Jane Scott Paul, Association of Accounting Technicians
New research from the UK Commission for Employment and Skills (UKCES) has revealed that nearly one in five unfilled vacancies in the UK are due to a skills shortage, as employers are struggling to find people with the rights skills for the role. Further research has shown that the number one reason why employers turn away young applicants is due to their lack of experience, highlighting a worrying work-skills mismatch.
As I approach retirement after 27 years at AAT focusing on the education and training needs of the sector, my view is that an education overhaul is required to address this worrying skills shortage. The education system and employers need to be working more closely together to ensure the training and qualifications currently on offer to students are equipping them with the necessary skills needed to prepare them for the world of work.
In today’s fast-paced competitive global market, the figures from the UKCES are alarming and raise a whole host of concerns for the UK economy. If the education system is not producing candidates fit for the workplace, this will hamper business growth, at a time when the economy has just started to get back on track. There needs to be a correlation between the needs of employers, training providers and the education sector, so that they work together, not against one another, which can currently seem to be the case.
Both employers and the education system have vital roles to play if this transformation is to take place. Firstly, employers need to be patient with those new to the workplace, and be prepared to spend time investing in both nurturing and building on new employees’ talents and skills. Businesses must recognise the valuable skills that young people can bring to the table, such as social media and technological understanding, which older employers may well be lacking. Younger workers often bring a fresh perspective to issues and approach life from a different background, and are likely to be less ingrained in workplace culture.
Employers must also be more open-minded when recruiting for a new role, so a young person who comes from a challenging background shouldn’t be overlooked as an unemployable young candidate in the early stages of their career. One of the things I’ve enjoyed most while leading AAT has been working with such a diverse mix of people – from all ages and backgrounds. I believe this has contributed significantly to making AAT the stimulating place it is to work, so have seen first-hand the true value that bringing such a unique collection of individuals together can create.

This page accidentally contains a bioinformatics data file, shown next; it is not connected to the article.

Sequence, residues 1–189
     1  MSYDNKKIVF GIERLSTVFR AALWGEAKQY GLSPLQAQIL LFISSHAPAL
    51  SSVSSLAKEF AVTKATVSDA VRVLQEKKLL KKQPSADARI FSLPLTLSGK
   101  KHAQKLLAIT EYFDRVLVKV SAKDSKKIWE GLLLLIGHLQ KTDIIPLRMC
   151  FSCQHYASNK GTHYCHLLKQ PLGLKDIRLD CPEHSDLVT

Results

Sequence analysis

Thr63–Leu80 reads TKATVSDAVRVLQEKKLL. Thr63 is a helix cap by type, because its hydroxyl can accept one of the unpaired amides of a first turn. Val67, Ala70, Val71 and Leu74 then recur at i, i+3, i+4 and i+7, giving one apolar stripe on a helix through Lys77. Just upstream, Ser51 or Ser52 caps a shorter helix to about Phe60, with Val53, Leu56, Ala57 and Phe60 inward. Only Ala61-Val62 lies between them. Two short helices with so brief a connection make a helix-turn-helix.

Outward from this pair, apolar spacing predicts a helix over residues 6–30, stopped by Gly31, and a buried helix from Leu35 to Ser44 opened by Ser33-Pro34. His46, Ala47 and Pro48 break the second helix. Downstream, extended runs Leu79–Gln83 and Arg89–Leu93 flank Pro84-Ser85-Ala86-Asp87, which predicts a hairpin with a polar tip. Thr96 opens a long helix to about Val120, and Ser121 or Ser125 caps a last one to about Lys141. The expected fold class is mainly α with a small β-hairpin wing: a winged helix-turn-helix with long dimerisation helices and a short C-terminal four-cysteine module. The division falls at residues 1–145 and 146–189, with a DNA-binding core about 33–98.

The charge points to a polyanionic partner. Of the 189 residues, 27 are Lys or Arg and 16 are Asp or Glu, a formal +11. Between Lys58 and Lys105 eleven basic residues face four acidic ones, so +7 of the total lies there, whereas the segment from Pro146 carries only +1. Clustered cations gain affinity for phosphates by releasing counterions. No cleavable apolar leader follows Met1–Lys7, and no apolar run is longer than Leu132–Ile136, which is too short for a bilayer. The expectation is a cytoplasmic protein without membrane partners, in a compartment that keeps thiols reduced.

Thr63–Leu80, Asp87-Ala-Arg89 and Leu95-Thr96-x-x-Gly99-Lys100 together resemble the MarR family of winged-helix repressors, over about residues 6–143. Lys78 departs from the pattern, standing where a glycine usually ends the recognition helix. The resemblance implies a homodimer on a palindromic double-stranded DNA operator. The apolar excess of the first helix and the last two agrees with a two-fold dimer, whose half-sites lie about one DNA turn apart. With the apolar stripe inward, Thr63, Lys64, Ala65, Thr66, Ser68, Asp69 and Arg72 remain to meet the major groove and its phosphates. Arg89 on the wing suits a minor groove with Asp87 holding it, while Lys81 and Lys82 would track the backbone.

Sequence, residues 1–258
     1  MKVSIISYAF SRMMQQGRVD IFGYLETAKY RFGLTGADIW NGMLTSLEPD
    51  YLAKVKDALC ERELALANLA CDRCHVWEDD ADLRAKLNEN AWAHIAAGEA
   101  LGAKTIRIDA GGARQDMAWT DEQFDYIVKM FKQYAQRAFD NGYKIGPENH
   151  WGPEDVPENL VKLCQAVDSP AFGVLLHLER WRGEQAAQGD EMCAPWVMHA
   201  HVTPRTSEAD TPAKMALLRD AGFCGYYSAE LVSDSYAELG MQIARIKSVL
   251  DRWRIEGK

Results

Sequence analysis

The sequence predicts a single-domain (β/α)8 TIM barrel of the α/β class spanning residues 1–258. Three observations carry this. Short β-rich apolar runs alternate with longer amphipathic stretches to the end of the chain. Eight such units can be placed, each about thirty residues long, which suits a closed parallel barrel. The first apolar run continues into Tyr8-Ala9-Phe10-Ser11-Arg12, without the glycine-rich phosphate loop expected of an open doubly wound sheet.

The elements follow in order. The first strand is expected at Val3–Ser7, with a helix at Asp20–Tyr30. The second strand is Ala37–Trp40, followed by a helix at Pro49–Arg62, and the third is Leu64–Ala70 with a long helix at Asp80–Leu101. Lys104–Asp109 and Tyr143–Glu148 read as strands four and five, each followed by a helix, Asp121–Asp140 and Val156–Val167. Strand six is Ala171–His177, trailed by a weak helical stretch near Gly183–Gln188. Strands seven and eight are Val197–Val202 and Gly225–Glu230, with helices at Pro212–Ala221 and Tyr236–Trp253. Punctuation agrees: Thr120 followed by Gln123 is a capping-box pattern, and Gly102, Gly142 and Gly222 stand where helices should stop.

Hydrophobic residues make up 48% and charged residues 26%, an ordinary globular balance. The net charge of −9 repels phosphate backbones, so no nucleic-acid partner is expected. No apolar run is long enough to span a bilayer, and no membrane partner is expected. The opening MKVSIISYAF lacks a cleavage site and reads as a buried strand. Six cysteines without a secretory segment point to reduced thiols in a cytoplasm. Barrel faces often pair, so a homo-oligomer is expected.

While employers clearly have a significant role to play in shaping our young people so they can thrive in a workplace environment, the vital role of the education system must not go unnoticed. For far too long there has been a strong emphasis on pushing people through the higher education system, specifically university, and this blinkered view now needs to change. We should be adapting like our neighbouring countries (such as Austria, Germany and Switzerland) and offering a system in which both vocational education and university are seen as equal pathways into a wide range of jobs and rewarding careers. It should be recognised that high quality apprenticeships and vocational learning produce employees with specific skills needed by employers and are a valuable complement to the traditional higher education pathway. Young people and those who influence them need to see apprenticeships as genuine high-value alternative routes to high-status careers. Research shows that higher apprenticeships can result in increased earnings estimated at £150,000 over a lifetime – comparable to the graduate premium but without the burden of tuition fees.
At the same time businesses should not write off those without a university degree. We need to open up the whole recruitment process, with independent careers advice starting at a much younger age and employers looking objectively at the types of skills and people they need then trying to find them rather than plumping for the graduate with the best academic qualifications.
The performance of schools is still measured on the levels of academic achievement by pupils and the numbers going to university, leaving little to incentivise schools to explore alternatives. We therefore need to improve the image of vocational options like apprenticeships to educators, young people and businesses as high-value alternative routes to rewarding careers.
The UKCES figures have highlighted a growing problem area, and in my view, they should act as a driver for all parties involved to address the problem head on to bring about change and ensure the UK has a workforce that is fit for purpose, which is something I’ve been campaigning for throughout my career. Steps have already been taken; for example, the British Chambers of Commerce (BCC) is currently working with the Government to help address the gap in employability skills which exists among many young people leaving education, and set out ways to transform the system. However, much more still needs to be done if the UK economy is to be successful and continue to grow, it must become more diverse and inclusive and open to the need for improved skills development to capitalise on the long-awaited economic upturn. Failure to do so could have negative consequences for the UK economy and for our young people.
Jane Scott Paul OBE is retiring as CEO of AAT next month after 17 years in the role.
As a professional body setting standards in our industry and an awarding body delivering regulated qualifications, AAT works on both sides of the education/employer divide. By working with employers, AAT offers bespoke packages of qualifications and skills-based learning to suit specific business needs. Approximately 40,000 employers train staff with AAT.
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